Web site allows students to trade goods

Students can buy, sell, lend or give away items ” and even search for roommates.

by Bryce Haugen

Iowa State University marketing senior Keith Dietzenbach said he’s saved more than $600 since fall 2003 reselling old textbooks on www.cheggpost.com.

“It’s like a little recycling process I have,” said Dietzenbach, who also sells used electronics on the Web site.

A new version of the Web site, renamed chegg.com, launched at 10 Midwestern college campuses this month, including the University of Minnesota. The site offers registered users a free way to buy, sell, lend or give away an array of items.

Although the site’s format is similar to ebay.com, there are some key differences, said cofounder and campus operations coordinator Aayush Phumbhra. With chegg.com, instead of relying on blind trust with a faceless buyer, students exchange their items and money in person, he said. This allows them to avoid shipping costs and delays.

“(Chegg.com) is a trustworthy network of friends,” he said. “We give students a way to save money by selling (their) textbooks at a greater price than the bookstore would provide.”

Students perusing the Web site Sunday could find Iowa State University student Patrick Jennings’ botany textbook listed for $10 ” he claims it was gently used and costs twice as much at the bookstore.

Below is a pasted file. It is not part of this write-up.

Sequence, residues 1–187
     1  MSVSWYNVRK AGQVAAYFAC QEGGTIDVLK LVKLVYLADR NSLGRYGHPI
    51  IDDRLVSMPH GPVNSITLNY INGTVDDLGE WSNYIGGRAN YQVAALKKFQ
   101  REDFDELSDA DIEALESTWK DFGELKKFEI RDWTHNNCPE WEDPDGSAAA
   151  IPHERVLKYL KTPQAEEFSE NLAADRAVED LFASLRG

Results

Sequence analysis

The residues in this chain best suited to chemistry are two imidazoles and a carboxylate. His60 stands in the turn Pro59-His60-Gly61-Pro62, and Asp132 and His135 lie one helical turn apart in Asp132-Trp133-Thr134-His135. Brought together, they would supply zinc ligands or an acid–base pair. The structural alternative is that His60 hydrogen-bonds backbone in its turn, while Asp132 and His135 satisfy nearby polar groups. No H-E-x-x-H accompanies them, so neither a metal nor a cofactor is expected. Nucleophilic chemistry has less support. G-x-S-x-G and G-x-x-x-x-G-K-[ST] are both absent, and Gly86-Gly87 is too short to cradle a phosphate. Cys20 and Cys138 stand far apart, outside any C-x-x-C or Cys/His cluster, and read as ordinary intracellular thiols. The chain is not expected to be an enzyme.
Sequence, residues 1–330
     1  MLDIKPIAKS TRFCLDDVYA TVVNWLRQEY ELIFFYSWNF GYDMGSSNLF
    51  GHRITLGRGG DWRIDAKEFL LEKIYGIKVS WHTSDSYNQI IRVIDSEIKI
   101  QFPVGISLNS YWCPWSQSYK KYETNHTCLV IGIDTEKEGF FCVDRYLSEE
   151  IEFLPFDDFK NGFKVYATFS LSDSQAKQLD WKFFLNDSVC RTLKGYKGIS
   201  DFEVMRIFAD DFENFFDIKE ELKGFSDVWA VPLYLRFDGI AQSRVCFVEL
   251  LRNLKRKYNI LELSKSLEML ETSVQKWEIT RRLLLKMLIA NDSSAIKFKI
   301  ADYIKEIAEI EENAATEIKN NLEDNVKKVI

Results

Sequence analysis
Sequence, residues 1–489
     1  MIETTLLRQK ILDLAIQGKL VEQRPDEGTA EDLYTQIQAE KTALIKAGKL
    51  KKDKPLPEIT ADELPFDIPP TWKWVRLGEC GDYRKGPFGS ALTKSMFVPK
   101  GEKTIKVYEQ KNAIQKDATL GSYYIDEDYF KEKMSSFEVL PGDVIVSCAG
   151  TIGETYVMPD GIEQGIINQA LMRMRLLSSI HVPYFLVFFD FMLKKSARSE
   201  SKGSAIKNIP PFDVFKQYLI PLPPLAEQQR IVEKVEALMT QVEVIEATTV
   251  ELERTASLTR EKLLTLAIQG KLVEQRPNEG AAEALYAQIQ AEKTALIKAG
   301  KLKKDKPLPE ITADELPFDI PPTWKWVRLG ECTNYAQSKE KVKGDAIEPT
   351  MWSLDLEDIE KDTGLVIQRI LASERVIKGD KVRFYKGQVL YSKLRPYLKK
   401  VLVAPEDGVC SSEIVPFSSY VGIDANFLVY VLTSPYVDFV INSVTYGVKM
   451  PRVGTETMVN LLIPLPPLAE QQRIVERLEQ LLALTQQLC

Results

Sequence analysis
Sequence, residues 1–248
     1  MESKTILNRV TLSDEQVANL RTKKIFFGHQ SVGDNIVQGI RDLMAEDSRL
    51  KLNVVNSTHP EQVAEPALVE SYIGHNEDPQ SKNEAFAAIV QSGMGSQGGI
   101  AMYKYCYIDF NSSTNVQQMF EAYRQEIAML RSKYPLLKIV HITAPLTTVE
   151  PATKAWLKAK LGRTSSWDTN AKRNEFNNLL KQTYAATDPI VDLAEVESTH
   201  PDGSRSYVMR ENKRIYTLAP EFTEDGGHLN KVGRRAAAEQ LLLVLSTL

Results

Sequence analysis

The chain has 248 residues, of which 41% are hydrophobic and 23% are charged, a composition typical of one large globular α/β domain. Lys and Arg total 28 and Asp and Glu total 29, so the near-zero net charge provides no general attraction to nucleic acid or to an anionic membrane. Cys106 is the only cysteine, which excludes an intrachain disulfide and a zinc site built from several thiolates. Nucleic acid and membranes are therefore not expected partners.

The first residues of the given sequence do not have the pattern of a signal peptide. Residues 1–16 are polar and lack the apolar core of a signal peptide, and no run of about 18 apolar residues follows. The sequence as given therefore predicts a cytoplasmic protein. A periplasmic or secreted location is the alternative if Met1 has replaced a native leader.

Other students sell electronics, movies, games and furniture. Some seek new roommates.

The Web site, which requires a university-issued e-mail account for access, started as “a daydream of sorts,” said Josh Carlson, an Iowa State alumnus, who founded the original cheggpost.com.

“I remember getting excited about every post that showed up on the site,” he said. “And soon the posts turned to the hundreds ” and thousands.”

With offices in the heart of Silicon Valley, chegg.com plans to expand nationally, said chief executive officer Osman Rashid, a 1993 University electrical engineering graduate. He said they plan to make money by selling advertisements to local, and eventually national, businesses.

“We are managing our growth, but at the same time we have a very focused eye on becoming profitable,” he said.

Chegg.com helps users bring value to items that don’t have an easily reached market ” a concept known as liquidity, said Rob Kauffman, director of management information systems research at the Carlson School of Management.

“It reduces my search costs and helps me establish what the value ought to be,” he said.

Localized electronic markets are not a new idea, Kauffman said, but bringing them to college campuses is. He said other sites have become viable businesses, but it’s a tough market to tap into.

“They have to find a way to monetize the participation of these people,” he said.

More than 8,000 Iowa State students have used cheggpost.com since its 2001 inception.

To spread word about the updated Web site, the company will offer internships to University students, giving them “a real feel of the corporate world,” Rashid said. And chegg.com users are encouraged to invite friends to join the network.

So far, only a few University of Minnesota students have joined the site. But once the company begins marketing heavily in January, Phumbhra said, he expects chegg.com to catch on like it did at Iowa State.

Vivek Kalihari, a first-year chemical engineering and materials science graduate student, said chegg.com “sounds great.”

“If you’re getting something for less money, it’s obviously beneficial for you,” he said.

But Kalihari said he’ll probably use the site only if his friends do.